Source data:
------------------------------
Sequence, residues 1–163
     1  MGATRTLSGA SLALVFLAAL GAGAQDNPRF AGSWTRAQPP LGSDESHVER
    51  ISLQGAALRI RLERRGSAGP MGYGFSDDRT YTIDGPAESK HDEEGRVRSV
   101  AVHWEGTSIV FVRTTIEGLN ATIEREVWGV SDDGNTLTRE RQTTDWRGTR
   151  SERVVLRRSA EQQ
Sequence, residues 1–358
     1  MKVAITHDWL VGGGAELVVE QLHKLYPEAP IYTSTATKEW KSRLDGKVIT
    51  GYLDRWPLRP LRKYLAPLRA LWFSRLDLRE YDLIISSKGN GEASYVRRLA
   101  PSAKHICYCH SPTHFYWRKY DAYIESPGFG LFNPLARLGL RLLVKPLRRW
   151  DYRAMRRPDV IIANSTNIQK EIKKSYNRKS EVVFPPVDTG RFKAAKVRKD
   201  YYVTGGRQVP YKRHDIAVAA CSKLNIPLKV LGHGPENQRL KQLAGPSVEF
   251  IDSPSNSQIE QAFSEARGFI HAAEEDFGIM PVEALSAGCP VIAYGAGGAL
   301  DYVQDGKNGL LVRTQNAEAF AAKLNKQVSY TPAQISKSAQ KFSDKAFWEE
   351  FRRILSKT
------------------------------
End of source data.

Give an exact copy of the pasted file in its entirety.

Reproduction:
Sequence, residues 1–163
     1  MGATRTLSGA SLALVFLAAL GAGAQDNPRF AGSWTRAQPP LGSDESHVER
    51  ISLQGAALRI RLERRGSAGP MGYGFSDDRT YTIDGPAESK HDEEGRVRSV
   101  AVHWEGTSIV FVRTTIEGLN ATIEREVWGV SDDGNTLTRE RQTTDWRGTR
   151  SERVVLRRSA EQQ
Sequence, residues 1–358
     1  MKVAITHDWL VGGGAELVVE QLHKLYPEAP IYTSTATKEW KSRLDGKVIT
    51  GYLDRWPLRP LRKYLAPLRA LWFSRLDLRE YDLIISSKGN GEASYVRRLA
   101  PSAKHICYCH SPTHFYWRKY DAYIESPGFG LFNPLARLGL RLLVKPLRRW
   151  DYRAMRRPDV IIANSTNIQK EIKKSYNRKS EVVFPPVDTG RFKAAKVRKD
   201  YYVTGGRQVP YKRHDIAVAA CSKLNIPLKV LGHGPENQRL KQLAGPSVEF
   251  IDSPSNSQIE QAFSEARGFI HAAEEDFGIM PVEALSAGCP VIAYGAGGAL
   301  DYVQDGKNGL LVRTQNAEAF AAKLNKQVSY TPAQISKSAQ KFSDKAFWEE
   351  FRRILSKT